If it’s true that BlackBerry Ltd. wants to sell a trove of patents worth hundreds of millions of dollars, then Prime Minister Justin Trudeau and Ontario Premier Doug Ford might want to muscle in and insist on the right of first refusal.
Then all of us need to get serious about intellectual property, which is the 21st-century equivalent of oil. We were lucky enough to have access to some crude, but we have been poor at turning our ideas into wealth. BlackBerry is a reminder of how far we’ve fallen behind, because it remains the country’s top holder of patents even in its shrunken form.
IAM , a trade publication, and the Globe and Mail have both reported in the past week that the Waterloo, Ont.-based technology company is shopping a significant cache of intellectual property that almost certainly was developed with the help of the federal and provincial governments.
The Globe, citing an unnamed person familiar with BlackBerry chief executive John Chen’s plans, said the patents could be worth US$450 million. That would be roughly equivalent to the $590 million that Trudeau and Ford gave Ford Motor Co. last month to coax the Dearborn, Mich.-based company to repurpose its plant in Oakville, Ont. for electric-vehicle assembly.
According to the story, Chen is considering selling the patents because they relate to electronic communication, an area that BlackBerry once dominated, but eventually ceded to companies such as Apple Inc., Samsung Electronics Co. Ltd. and Facebook Inc.’s various messaging platforms. Blackberry would keep thousands of patents related to cybersecurity and digital operating systems for automobiles, which represent the foundations of the company’s current strategy.
Yes, the transaction makes sense from Chen’s perspective. The COVID-19 crisis has accelerated the shift to a digital economy, and companies are scrambling to stake their claims. Dax Dasilva, chief executive of Lightspeed POS Inc., a Montreal-based developer of point-of-sale software, described the environment as a “land grab” in an interview earlier this month. Chen has every reason to increase BlackBerry’s stores of cash.
Still, what’s best for BlackBerry’s shareholders isn’t necessarily good for Canada, which has a stake in those patents, since the company would have benefitted from the knowledge and talent generated by the University of Waterloo and other publicly funded universities, not to mention the various tax breaks and subsidies that governments provide to encourage research and development.
The possibility Canada could lose that IP shows the limits of a laissez-faire approach to economic development
The possibility that Canada could lose all that intellectual property shows the limits of a laissez-faire approach to economic development. A recent report by the Business Council of Canada observed that Canada “is nowhere to be seen” in patent filings related to artificial intelligence, even though Canadian researchers are among the field’s pioneers.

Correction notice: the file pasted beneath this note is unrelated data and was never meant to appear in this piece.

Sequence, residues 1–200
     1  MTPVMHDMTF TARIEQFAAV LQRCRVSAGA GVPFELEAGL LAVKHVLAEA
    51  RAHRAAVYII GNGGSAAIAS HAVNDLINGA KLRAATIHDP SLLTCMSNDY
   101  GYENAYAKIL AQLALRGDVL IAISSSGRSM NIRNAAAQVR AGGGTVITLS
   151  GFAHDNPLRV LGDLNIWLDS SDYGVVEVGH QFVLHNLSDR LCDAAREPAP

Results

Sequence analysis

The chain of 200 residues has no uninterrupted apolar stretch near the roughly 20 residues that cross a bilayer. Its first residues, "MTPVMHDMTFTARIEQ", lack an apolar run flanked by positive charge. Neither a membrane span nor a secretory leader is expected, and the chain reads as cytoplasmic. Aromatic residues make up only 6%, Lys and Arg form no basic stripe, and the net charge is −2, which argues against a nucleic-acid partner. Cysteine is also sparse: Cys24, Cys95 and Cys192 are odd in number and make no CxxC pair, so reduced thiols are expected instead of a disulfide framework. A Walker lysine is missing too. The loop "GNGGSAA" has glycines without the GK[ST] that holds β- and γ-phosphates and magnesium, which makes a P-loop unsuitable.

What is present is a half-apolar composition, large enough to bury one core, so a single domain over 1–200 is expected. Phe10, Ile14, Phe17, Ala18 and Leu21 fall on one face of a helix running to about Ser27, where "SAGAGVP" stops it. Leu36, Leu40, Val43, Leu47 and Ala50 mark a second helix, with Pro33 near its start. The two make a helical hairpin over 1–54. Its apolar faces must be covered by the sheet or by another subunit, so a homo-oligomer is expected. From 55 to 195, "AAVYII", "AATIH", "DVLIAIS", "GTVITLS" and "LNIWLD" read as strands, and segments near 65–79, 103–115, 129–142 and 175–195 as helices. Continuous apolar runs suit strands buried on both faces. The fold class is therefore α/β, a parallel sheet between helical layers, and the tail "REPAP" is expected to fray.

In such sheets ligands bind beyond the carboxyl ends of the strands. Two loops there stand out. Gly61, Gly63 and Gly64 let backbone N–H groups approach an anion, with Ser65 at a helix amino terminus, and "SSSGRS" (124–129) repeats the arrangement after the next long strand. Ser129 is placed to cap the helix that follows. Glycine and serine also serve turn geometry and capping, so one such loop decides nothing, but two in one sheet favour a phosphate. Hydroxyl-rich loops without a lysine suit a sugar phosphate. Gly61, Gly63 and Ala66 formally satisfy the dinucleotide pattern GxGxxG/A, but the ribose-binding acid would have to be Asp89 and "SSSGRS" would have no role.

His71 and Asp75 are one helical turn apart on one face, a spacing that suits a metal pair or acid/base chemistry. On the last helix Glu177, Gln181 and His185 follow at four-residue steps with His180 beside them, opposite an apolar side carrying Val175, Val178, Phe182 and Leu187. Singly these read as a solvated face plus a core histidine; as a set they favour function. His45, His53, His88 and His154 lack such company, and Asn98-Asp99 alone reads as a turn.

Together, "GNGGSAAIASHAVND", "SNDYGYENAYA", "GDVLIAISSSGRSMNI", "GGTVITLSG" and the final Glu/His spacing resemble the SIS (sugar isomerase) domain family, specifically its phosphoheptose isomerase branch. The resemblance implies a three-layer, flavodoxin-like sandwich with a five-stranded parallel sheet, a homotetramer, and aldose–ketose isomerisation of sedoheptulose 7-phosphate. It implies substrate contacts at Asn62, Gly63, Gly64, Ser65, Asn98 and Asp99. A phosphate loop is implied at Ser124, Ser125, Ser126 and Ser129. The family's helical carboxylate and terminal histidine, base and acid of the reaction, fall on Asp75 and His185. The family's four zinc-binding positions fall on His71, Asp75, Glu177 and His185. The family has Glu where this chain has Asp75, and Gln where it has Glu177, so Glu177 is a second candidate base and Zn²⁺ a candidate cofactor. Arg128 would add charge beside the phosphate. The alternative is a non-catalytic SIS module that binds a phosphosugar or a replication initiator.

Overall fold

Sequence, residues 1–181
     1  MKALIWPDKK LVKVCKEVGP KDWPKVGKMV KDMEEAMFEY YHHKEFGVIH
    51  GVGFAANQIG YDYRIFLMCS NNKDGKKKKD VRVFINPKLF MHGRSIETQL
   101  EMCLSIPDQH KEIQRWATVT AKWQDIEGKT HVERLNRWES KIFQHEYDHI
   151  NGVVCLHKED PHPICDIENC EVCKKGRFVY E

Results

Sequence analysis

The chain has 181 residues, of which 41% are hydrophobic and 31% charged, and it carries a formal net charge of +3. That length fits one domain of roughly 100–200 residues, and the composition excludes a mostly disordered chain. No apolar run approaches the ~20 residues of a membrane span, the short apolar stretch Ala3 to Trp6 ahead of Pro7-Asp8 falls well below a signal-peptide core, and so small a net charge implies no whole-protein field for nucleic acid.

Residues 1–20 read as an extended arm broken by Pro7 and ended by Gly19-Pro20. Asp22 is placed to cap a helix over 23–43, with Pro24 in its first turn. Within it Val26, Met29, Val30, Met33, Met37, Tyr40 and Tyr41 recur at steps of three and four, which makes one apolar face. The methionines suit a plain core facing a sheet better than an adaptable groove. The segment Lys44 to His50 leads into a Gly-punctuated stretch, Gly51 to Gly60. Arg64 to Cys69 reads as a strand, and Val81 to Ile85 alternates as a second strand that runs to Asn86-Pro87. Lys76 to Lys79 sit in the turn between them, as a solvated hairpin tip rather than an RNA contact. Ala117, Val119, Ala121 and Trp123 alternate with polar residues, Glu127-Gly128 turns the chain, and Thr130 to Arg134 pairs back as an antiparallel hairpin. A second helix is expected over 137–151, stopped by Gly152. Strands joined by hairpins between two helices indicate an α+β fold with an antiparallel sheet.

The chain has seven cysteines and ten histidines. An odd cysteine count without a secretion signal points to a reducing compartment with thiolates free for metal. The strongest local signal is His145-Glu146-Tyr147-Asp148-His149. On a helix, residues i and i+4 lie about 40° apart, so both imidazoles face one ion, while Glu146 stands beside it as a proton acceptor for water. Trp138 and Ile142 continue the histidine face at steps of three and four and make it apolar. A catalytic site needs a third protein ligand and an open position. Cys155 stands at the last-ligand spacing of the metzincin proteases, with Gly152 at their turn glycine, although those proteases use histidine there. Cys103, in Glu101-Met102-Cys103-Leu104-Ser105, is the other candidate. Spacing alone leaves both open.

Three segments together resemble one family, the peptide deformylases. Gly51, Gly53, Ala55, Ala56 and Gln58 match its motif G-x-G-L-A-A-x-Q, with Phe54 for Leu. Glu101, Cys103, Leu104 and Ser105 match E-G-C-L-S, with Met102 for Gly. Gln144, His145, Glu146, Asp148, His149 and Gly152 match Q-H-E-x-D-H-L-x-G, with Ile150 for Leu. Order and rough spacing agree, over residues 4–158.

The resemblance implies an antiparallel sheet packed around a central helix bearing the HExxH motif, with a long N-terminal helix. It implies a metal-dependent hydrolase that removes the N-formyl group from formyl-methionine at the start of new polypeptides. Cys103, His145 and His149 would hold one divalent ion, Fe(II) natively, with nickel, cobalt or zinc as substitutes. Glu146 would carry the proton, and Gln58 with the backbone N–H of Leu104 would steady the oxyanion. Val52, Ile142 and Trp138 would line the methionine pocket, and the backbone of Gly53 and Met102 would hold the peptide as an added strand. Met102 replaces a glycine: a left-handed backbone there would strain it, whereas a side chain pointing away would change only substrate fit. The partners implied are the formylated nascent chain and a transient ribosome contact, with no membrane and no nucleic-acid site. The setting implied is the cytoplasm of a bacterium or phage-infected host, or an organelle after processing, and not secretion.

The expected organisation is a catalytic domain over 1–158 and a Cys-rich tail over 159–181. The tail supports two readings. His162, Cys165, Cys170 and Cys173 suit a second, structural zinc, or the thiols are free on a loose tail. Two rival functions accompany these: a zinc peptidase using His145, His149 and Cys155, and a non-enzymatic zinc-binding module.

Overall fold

A spokesman for Innovation, Science and Industry Minister Navdeep Bains declined to comment on whether Bains had been in touch with Chen or if the Trudeau government felt compelled to intervene.
“We are unable to comment on speculation involving commercial transactions,” John Power said. However, he added, Bains takes intellectual property seriously, citing the National Intellectual Property Strategy from 2018, the first of its kind.
“To turn creative ideas into businesses and well-paying jobs, Canadian entrepreneurs need to understand how to protect and leverage those ideas for commercial success,” Power said. “Intellectual property is a business asset — just like buildings and equipment — but it is often even more valuable.”
Intellectual property is a business asset — just like buildings and equipment — but is often more valuable
Ministry of Innovation, Science and Industry
Such thinking is a start, but other countries are far more aggressive in acting on the idea. For example, Israel demands some kind of return on investment for any help it provides startups. And why shouldn’t it? Letting IP get away is the same as allowing private companies to sell oil without paying royalties.
BlackBerry may no longer have a use for some of the technology it developed, but other companies will: that’s where the current value lies. At a minimum, the owner of that property can demand rent from whoever wants to use the innovation. Patent rights also give companies “freedom to operate,” a term business consultants use to describe the opportunity to set out a business plan without having to worry about legal harassment by rivals or “trolls” that buy patents only to extort payments from operating companies.
Either of those things would justify a government purchase of BlackBerry’s patents, assuming the technology still has application. Government could earn the licensing fees and use the revenue to pay for future research-and-development incentives. Public ownership would also give homegrown upstarts a chance to make some headway, rather than have their paths blocked by Apple, Facebook or whatever tech behemoth buys BlackBerry’s patents if a Canadian government doesn’t.
“Taxpayers have contributed to this company,” said Dan Herman, a Toronto-based entrepreneur who served on the Ford government’s Expert Panel on Intellectual Property. “Are we willing to let that IP go to the highest bidder?”
It’s an excellent question. In recent days, five First Nations in Alberta and Saskatchewan backed TC Energy Corp.’s Keystone XL pipeline with a $1-billion investment; the Quebec government gave Kraft Heinz Co. a $2-million loan to make ketchup outside Montreal; and the federal and Ontario governments shelled out hundreds of millions to keep the big U.S. automakers in Canada.
Those are bets on the present. Time to spend some of the public purse on the future.
Copyright Postmedia Network Inc., 2020